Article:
All communications and material for the book should he addressed simply American Field Service


Thayer Robb. S.S.U. 33, has been commissioned 1st. Lieut. Intelligence Department, A.E.F.


Reginald B. Vaughan who has recently had charge of the Parc at Billancourt, has received a commission in the English Army.


Captain William de Ford Bigelow so long a member and officer of Section 4, now in charge of one of the repair parks of the U.S.A.A.S., was recently decorated by general Gouraud with the Croix de Guerre and awarded in army corps citation for valiant service rendered during an air raid in the city where he is at present stationed. The citation follows:

April 2nd 1918.

The General Commanding the 4th Army cites to the order of the 4th Army Corps Captain Bigelow (Wm. de F.) commanding the S. S. U. 509. Has given evidence of most complete disregard of danger in organizing under the enemy fire rescue service particularly dangerous. Has communicated to all his personnel the remarkable ardour and zeal which animate him., Has been previously cited.

General commanding the 4th Army,



A corner of the park at 21, rue Raynouard showing cars destroyed in service, whose donors live in New-York, North Carolina, Illinois and California. These cars have performed good work in various ambulance sections. No 737 in the foreground was destroyed at Mornzeville while Section 29 was doing the run to Mort-Homme. The others in the background come from Sections 12, 13 and 19, their condition results of collision or wear and tear of a year's service at the front.



M. H. Roblee (T.M.U. 526), American Red Cross, Italian Ambulance ; N. H. Reynolds (T.M.U. 537) U.S.A.A.S.; T. M. Parmelee (S. S. S. 29), American Red Cross, Italy; Henry W. Patterson (S.S.U. 29), American Red Cross, Italy ;4 Robert C. Duff (S.S.U. 9); C. A. Elliott (S.S.U. 9), American Red Cross ; C. R. Kellogg (T.M.U. 184), American Mission, Reserve Mallet; Charles B. Fogle, Signal Corps, Photo Plant ; Theodore Stanton, Cornell University.



Some one tried to give a false impression saying : "Paris was sacked" when as a matter of fact Paris monuments were only being sand-bagged.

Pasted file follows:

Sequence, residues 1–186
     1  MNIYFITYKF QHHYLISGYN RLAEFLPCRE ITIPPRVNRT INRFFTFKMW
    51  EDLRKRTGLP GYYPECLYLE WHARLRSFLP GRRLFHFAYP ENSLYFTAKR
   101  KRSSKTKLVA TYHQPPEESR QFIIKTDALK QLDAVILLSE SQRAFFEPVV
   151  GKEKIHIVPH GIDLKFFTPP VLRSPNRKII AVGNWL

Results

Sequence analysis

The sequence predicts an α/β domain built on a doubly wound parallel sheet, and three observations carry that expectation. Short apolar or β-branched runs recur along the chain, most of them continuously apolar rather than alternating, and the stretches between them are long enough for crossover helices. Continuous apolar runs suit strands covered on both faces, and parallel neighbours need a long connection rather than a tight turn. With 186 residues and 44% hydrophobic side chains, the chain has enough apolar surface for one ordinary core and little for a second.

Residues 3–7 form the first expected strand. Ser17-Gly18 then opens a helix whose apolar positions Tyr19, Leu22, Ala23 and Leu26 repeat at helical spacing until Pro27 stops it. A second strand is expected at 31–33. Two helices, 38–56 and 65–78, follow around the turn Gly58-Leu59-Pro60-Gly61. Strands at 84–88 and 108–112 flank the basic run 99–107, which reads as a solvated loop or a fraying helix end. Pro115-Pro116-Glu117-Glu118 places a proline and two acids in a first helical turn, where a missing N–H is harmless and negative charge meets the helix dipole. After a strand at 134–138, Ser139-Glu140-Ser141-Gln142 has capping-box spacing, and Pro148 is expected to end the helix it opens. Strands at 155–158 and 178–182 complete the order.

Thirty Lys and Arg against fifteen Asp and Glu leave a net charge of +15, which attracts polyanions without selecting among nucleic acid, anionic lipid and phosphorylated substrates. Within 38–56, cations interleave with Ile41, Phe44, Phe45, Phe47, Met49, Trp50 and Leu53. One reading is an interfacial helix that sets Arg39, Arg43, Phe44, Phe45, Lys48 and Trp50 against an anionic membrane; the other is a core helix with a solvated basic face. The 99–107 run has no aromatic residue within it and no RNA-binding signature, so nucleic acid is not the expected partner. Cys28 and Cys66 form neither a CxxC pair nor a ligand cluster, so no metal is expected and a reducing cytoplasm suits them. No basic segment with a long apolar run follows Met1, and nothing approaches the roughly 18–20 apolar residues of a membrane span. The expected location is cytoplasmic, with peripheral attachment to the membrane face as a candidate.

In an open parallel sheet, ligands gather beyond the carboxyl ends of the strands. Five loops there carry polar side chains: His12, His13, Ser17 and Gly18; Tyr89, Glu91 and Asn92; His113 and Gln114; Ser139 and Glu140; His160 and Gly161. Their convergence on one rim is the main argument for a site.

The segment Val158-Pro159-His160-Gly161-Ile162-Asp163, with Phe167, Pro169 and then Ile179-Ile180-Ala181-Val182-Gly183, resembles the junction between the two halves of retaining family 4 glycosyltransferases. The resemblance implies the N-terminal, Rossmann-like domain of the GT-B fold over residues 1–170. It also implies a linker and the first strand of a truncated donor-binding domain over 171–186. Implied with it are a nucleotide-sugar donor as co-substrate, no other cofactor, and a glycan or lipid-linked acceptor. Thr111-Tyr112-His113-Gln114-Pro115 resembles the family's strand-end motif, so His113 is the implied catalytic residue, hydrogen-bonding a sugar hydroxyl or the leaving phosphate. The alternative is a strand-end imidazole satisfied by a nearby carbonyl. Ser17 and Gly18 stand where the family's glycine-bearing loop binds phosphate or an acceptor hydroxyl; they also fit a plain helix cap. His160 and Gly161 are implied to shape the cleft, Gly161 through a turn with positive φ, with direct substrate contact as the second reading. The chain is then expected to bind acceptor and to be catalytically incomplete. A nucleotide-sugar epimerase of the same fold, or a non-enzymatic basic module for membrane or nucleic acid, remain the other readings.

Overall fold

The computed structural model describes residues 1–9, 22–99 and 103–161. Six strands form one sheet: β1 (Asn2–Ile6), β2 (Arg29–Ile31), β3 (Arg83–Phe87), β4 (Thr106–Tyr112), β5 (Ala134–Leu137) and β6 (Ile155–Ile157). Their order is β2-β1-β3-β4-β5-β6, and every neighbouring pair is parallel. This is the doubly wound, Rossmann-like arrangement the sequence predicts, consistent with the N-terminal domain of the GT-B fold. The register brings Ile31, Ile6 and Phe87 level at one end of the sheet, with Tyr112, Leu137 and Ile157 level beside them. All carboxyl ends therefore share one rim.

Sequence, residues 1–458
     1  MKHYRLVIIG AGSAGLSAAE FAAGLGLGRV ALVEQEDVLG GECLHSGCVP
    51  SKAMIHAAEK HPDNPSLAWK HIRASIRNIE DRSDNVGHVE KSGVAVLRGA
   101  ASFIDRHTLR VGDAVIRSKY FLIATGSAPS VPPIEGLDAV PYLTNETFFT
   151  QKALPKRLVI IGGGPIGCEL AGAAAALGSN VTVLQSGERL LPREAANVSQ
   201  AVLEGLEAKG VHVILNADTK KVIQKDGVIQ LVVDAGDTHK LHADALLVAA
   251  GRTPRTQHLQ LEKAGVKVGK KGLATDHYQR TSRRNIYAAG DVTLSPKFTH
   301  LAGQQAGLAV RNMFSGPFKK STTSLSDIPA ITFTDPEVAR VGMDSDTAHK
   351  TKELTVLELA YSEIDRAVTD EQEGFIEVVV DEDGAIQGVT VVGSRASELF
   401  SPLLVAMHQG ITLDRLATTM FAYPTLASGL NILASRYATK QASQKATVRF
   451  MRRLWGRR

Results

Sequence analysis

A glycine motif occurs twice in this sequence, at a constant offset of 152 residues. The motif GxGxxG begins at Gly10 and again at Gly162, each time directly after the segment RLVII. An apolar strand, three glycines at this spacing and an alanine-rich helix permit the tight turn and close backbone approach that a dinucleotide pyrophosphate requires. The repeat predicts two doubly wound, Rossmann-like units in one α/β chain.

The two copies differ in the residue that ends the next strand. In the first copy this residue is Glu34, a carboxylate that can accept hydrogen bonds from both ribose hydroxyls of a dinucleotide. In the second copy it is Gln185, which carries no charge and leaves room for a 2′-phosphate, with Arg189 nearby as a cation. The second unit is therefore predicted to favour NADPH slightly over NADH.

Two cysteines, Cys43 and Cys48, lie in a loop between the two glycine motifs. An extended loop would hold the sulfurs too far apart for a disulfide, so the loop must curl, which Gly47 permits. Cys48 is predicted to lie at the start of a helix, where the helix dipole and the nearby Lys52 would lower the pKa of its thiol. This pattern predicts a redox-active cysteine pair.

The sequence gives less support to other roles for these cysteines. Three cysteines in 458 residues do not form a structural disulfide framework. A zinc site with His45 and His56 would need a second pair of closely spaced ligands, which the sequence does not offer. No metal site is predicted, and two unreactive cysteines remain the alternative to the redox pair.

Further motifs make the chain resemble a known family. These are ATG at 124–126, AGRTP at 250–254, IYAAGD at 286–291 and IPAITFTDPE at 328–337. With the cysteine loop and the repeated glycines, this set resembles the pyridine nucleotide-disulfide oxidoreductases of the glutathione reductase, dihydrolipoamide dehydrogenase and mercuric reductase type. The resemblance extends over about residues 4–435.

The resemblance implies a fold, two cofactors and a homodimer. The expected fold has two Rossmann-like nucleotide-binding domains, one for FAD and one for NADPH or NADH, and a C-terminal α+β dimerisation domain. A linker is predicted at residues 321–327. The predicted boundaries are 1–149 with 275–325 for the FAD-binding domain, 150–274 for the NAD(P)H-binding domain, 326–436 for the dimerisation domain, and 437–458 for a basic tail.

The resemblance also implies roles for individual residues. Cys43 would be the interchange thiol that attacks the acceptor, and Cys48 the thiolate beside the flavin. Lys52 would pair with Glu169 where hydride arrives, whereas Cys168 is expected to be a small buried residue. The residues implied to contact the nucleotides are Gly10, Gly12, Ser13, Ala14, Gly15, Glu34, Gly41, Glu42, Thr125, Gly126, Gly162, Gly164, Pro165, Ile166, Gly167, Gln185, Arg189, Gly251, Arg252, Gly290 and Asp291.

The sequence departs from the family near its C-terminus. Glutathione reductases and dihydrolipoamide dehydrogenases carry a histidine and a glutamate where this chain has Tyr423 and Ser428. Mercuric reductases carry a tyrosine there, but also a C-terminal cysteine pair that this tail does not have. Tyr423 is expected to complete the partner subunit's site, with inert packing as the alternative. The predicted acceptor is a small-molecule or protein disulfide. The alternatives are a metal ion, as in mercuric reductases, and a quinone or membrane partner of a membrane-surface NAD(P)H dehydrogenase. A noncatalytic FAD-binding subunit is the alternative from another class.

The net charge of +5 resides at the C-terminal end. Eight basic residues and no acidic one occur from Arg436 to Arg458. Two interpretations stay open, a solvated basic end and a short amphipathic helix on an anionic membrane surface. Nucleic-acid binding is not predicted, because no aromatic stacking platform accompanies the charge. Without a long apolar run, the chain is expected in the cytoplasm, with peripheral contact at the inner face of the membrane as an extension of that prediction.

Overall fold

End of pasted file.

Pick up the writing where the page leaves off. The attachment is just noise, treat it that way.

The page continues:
One of our men who had not been in for a long time went into a restaurant that he used to frequent and being thirsty hastily filled a tumbler from what he took to be a water bottle and only after he had drank a day's rations did he discover it was saccharine. Now that restaurant serves saccharine in the guise of sugar coated pills.



The French general commanding the section personally congratulated Baylies.

New-York Herald April 18.



Louis G. Mudge (T.M.U. 537), American Red Cross; E. Mack Gildea (T.M.U. 133) ; H. A. Innes Brown (S.S.U. 3), 1st Lt. S.C.; Cyril Smith (S.S.U. 12), U.S.A.A.S. ; Robert G. Eoff (S.S.U. 18), Lafayette Escadrille ; H. P. Kennedy (T.M.U. 526), 2nd Lt. Q.M. US.A.; Buford A. Clark (T.M.U. J84), 2nd Lt. Q.M.U.S.R.; Powel Fenton (S.S.U. 3), 1st Lt. Air Service.



Oft' when the sun from the far distant west
Sends to the earth its last rays,
And the long day that is past goes to rest,
And white clouds form milky ways,
I turn my thoughts to the land of the free,
And dream, " my country --- of thee".

O'er distant hills slow the light fades away;
On yonder cliff only is left
One shadow dark, standing lonely and gray,
A blasted pine, barren and cleft.
Days it recalls spent on shores far away,
Days of freedom and sun and of play.

The twinkling stars pierce the veil of the night,
And in their full glory shine ;
O'er mother earth they keep watch, gleaming bright
As the rockets over the line.
Sometimes like the stars I keep watch thro' the night,
Full of dreams of a world out of sight.

And sometimes when all is quiet and still
Comes o'er the vale with soft swell,
Echoing sweet from the far distant hill,
Chimes of an old village bell.
I listen and dream and the bell seems to me
To be calling the world as in days long ago
                 "Liberty, Liberty, Liberty."

E. A. Doepke Jr.
S.S.U. 63/13.

AFS Bulletin Number Forty-Two